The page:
Malcolm Jenkins’ diving interception of a Cam Newton pass just before halftime was his first of the year. But he’s made plenty of plays, showing impressive range in the back of the Philly secondary.

By Jack Ryan

In a sense the Eagles are lucky to have survived last night’s game in Carolina.

Yes, they lost 27-16 to fall to 3-4, a game behind the New York Giants, who lead the NFC East.

But the way the game started it looked like blowout city.

And the way it ended allowed the Eagles to spend their bye week healing All World left tackle Jason Peters and getting ready for the Cowboys on Nov. 8.

The Panthers ran for 204 yards and passed for 190, clearly willing to grind out a game. They would be foolish to pass too much, because they don’t have many good receivers. The best of the lot, Ted Ginn, is sometimes a 50-50 proposition to catch it when it hits him in his hands. But Ginn also had a 43-yard rush mixed in, and caught a few balls in stride, so it’s OK.

And with an improved offensive line (left tackle Michael Oher has been a steal for them), the Panthers are back to playing the kind of football that works best for them. With eighth-year Jonathan Stewart running like he’s always seemed capable of (24 carries for 125 yards) and fullback Mike Tolbert scoring twice and quarterback Cam Newton a constant threat to break a big play (even on a night when he throws three picks), the Panthers might just bring the running game back.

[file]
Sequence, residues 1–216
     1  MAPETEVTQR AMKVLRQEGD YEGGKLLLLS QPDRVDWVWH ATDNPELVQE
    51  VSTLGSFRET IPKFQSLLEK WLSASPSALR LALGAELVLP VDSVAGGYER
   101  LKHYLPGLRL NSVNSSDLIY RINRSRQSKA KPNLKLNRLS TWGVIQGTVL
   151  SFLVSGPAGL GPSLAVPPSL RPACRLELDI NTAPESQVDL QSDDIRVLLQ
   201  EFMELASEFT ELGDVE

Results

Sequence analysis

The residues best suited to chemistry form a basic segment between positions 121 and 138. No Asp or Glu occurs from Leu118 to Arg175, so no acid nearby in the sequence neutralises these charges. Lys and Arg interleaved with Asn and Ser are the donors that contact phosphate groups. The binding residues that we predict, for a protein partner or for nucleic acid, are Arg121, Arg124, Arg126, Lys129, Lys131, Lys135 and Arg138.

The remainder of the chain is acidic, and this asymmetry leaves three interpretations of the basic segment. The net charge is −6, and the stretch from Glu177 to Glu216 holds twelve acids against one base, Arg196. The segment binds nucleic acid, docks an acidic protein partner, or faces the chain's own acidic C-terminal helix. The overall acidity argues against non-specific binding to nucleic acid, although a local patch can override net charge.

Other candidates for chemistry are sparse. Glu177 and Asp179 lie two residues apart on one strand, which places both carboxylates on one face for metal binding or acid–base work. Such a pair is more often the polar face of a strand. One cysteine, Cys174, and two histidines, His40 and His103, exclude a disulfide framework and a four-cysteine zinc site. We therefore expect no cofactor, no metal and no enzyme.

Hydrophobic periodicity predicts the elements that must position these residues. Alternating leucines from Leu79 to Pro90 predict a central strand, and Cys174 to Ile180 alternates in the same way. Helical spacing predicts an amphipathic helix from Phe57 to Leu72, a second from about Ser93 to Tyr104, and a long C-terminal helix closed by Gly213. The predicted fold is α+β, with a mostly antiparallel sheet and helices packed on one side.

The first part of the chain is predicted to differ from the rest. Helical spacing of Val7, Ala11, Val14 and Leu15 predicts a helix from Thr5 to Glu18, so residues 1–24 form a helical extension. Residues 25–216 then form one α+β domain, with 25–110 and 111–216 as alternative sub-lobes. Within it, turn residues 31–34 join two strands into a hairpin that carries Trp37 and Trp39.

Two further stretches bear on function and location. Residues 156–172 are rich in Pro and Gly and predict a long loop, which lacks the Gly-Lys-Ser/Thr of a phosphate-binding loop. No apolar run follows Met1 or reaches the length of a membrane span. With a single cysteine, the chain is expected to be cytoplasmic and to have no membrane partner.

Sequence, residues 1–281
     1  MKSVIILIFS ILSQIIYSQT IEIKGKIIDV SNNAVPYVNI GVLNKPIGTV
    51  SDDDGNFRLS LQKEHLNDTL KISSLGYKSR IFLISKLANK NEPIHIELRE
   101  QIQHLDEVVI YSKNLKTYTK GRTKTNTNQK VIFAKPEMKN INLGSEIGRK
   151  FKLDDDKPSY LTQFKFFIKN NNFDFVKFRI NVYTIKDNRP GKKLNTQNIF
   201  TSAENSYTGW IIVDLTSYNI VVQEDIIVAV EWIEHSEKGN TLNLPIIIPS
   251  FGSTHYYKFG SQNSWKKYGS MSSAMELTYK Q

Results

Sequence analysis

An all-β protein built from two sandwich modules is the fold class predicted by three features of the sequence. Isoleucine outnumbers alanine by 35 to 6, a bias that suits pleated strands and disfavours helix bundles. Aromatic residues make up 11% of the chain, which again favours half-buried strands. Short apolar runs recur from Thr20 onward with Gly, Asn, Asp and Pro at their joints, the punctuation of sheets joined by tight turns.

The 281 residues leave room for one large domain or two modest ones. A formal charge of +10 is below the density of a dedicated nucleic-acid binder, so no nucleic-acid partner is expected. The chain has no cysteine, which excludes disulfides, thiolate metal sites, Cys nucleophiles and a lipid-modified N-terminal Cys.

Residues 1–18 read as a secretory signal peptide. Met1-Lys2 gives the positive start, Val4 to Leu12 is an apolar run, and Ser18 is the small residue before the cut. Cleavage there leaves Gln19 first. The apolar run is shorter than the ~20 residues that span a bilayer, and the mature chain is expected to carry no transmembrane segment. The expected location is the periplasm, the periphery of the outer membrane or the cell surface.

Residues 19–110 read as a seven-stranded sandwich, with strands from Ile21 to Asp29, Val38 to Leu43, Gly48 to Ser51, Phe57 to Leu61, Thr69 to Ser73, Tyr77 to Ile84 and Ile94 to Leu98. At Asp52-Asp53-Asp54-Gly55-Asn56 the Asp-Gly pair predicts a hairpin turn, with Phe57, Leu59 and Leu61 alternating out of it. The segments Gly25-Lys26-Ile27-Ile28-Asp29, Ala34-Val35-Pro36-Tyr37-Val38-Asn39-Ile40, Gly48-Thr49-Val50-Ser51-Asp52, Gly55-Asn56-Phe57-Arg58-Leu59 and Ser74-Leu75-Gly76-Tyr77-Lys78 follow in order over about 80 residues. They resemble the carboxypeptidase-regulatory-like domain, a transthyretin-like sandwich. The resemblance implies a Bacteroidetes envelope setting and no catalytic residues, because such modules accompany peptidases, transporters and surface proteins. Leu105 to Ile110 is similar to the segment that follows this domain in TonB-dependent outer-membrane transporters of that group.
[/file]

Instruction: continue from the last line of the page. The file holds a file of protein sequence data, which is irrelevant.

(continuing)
It’s not the kind of thing that will create big ratings, or convince skeptics.

But they are 6-0, and that can’t be completely accidental, or explained away by strength of schedule.

• The Eagles gave DeMarco Murray the big contract, but they have to give Ryan Mathews more carries.

It wasn’t just the 63-yard touchdown hurts in the third quarter, but Mathews looked like the more decisive runner of the pair throughout the night.

The former Chargers back finished with six carries for 97 yards (16.2 yards per attempt, 6.8 without the big one). Murray had 18 carries for 65 yards (3.6). It’s not that Murray doesn’t have quick-strike ability, but the Eagles’ ground game has been slow to develop, and Mathews offers the kind of burst they need.

And if he’s running more, their receivers aren’t dropping passes.

• At some point, the NFL has to change the way they vote for Pro Bowl, if only so Panthers linebacker Thomas Davis can get some recognition.

Davis and the rest of the 4-3 linebackers in the league are handicapped by not having outrageous sack totals like their 3-4 counterparts, and constantly miss out on the all-star game as a result.

But Davis has been impressive on the field for years, after coming back from three torn ACLs and popping his own finger back into place mid-play last week.

In the first half, he made an open-field tackle of Eagles running back Darren Sproles, the kind Sproles has left people in the dust on for years. But Davis stayed square and made the play, one of the few guys who can move in space as fluidly as Sproles. It was as representative of his skill as last week’s self-surgery was of his toughness.

• Speaking of players who don’t get the appropriate recognition, but may soon, add Eagles safety Malcolm Jenkins to the list.

His diving interception of a Newton pass just before halftime was his first of the year. But he’s made plenty of plays, showing impressive range in the back of the Philly secondary.


• It was a rough night for Eagles kicker Caleb Sturgis, but not for the usual reason.

He missed a 50-yard field goal, but that is going to happen from time to time.

He also kicked off out of bounds, giving the Panthers the ball on the 40, and they’d go onto score a touchdown on that possession. The Eagles can’t afford to give up free yardage, especially against a team willing to play field-position and clock-control themselves.

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